Saturday, May 12, 2007

Kihon in judo

So, the founder and the early generations of judoka left us several huge piles of techniques but little in the way of organization or clues about how to teach them. In a way, this was good because it freed successive generations to be creative, and that creativity has been successful in large part because of the emphasis on the randori system. Coaches taught, for the most part, what worked for them in randori/shiai, and players used it if it made sense and dropped it if it didn’t make sense at the time.
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I guess one reason that this surprises me so much is the fact that Kano and Tomiki, et al. were educators. Kano had this idea that “what one man can learn, he can teach 100 generations of men.” With this current structure of “try it, use it, or ditch it as it pleases you,” there is nothing to keep judo from becoming a system of three techniques (i.e. osotogari, single leg pick, and seoinage for instance), and if that happens, then the knowledge that Kano was trying to preserve and pass on will fade away. I had a pastor tell me a while back that you only have to fail to teach something for about one generation (30-40 years) before it is gone.
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The first thing that judo apparently lacks in its curriculum is a set of kihon. If you look at all the other systems for teaching martial arts that I am familiar with (aikido, jodo, karate) they all have these sets of fundamental building blocks that are practiced at the beginning of every single class as a sport-specific warmup. Shotokan has a set (taikyoku) of identified stances, blocks, strikes, and transitions that the masters identified as comprising most of the rest of the system. Tomiki has a set (variously called tegatana, unsoku, or tandoku undo) of kihon. Jodo has their own set of kihon building blocks. This type of constant basic review makes sense from a teaching point of view – even in non-martial activities. In every church service we attend we say the Apostle’s creed (“I believe in God the Father Almighty…” In the Saxon math program every lesson begins with a short review of much more basic material.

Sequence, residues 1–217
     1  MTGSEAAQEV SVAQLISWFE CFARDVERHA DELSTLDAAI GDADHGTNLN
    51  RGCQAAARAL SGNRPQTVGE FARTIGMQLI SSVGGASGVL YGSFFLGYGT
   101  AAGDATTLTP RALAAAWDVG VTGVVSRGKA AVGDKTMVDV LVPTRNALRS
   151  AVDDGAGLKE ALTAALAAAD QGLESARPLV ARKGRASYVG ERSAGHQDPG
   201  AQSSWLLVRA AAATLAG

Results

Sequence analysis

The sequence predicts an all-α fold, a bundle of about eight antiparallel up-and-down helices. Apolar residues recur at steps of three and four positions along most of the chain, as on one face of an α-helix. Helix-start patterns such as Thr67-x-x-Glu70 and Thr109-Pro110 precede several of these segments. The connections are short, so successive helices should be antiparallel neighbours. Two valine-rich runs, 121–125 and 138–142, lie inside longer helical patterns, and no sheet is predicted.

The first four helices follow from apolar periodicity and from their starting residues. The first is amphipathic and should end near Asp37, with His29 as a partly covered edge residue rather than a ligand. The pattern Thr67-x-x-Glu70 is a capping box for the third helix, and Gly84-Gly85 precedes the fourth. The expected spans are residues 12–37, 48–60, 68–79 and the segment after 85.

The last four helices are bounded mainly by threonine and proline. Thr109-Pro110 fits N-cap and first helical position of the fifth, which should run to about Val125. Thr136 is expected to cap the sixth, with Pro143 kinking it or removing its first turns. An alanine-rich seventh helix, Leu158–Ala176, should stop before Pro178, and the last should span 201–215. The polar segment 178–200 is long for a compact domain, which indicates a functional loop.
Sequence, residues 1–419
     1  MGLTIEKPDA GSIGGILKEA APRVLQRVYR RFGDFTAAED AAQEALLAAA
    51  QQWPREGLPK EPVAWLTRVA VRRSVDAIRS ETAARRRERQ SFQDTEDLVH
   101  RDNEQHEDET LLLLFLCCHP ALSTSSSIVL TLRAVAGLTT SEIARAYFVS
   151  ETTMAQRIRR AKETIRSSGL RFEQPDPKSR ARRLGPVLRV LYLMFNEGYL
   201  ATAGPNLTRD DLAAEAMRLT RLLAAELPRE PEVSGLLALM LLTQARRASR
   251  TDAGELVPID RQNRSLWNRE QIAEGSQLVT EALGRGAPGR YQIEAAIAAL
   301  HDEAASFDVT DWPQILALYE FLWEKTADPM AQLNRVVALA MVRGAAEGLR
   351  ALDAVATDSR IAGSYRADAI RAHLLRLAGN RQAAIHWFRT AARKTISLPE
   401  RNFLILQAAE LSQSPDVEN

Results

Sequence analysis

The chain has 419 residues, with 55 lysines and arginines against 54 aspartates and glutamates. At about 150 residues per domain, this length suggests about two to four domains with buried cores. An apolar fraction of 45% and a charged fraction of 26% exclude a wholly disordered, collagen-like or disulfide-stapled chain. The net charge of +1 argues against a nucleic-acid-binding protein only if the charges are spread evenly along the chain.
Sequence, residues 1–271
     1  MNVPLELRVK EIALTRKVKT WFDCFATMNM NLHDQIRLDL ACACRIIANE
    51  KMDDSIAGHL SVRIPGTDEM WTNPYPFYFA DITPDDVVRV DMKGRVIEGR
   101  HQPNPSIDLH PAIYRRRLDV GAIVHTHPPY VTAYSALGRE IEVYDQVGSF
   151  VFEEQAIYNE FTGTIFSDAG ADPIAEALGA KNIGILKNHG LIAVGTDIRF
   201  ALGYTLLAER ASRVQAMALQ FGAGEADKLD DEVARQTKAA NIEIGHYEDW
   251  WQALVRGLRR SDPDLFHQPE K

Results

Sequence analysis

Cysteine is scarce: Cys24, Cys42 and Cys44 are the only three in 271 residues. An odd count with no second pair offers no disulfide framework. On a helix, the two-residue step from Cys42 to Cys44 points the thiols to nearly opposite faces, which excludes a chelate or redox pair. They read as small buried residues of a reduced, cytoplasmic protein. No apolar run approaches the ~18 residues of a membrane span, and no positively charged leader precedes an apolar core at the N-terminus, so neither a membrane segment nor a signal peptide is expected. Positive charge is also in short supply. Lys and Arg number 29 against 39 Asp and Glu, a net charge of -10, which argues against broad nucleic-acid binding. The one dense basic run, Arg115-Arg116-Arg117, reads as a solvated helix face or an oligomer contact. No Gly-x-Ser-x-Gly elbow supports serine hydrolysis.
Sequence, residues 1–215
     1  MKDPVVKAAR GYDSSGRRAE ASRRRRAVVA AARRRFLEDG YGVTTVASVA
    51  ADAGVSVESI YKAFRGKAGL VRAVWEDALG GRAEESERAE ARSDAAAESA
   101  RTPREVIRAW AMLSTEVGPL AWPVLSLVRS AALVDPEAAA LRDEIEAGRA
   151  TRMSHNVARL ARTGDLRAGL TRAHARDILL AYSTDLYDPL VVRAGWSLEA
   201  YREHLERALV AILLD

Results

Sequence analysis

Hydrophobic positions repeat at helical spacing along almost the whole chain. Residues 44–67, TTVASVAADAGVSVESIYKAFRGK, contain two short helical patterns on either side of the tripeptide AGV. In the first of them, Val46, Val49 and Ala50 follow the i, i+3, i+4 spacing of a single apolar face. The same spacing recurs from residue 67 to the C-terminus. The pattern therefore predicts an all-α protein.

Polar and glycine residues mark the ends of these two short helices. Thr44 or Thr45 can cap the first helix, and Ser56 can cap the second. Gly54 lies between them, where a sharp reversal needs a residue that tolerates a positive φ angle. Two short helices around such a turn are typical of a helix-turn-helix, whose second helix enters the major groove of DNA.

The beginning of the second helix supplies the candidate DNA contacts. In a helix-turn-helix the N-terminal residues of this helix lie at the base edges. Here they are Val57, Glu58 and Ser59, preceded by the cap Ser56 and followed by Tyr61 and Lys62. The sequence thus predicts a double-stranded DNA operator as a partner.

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So – what should a set of kihon in judo look like? Here we get to a sticky point. Judo is really two systems – a groundwork system and a standing system. So it is difficult to identify a single set of foundational material – Judo should really have two sets of kihon. But that is almost an oxymoron because kihon should be representative of most of the system. So, the two sets of kihon should be strongly and functionally integrated into each other – almost one set. Additionally, for purposes of review and warm-up you’d want your kihon to be significantly shorter than the entire system – otherwise you might as well run through the entire syllabus every class. Cognitive theory guys suggest that we easily remember chunks of 7±2 things – so a good size for a kihon exercise would be between 5 and 9 separate things.
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If you do nothing else, you should have a set of kihon that is representative of the vast majority of the system and you should practice it as a sport-specific warmup every class. When you scan over the majority of the system like this at the beginning of every class it is much more difficult for knowledge to drift or die out and the repetition helps to make it stick.

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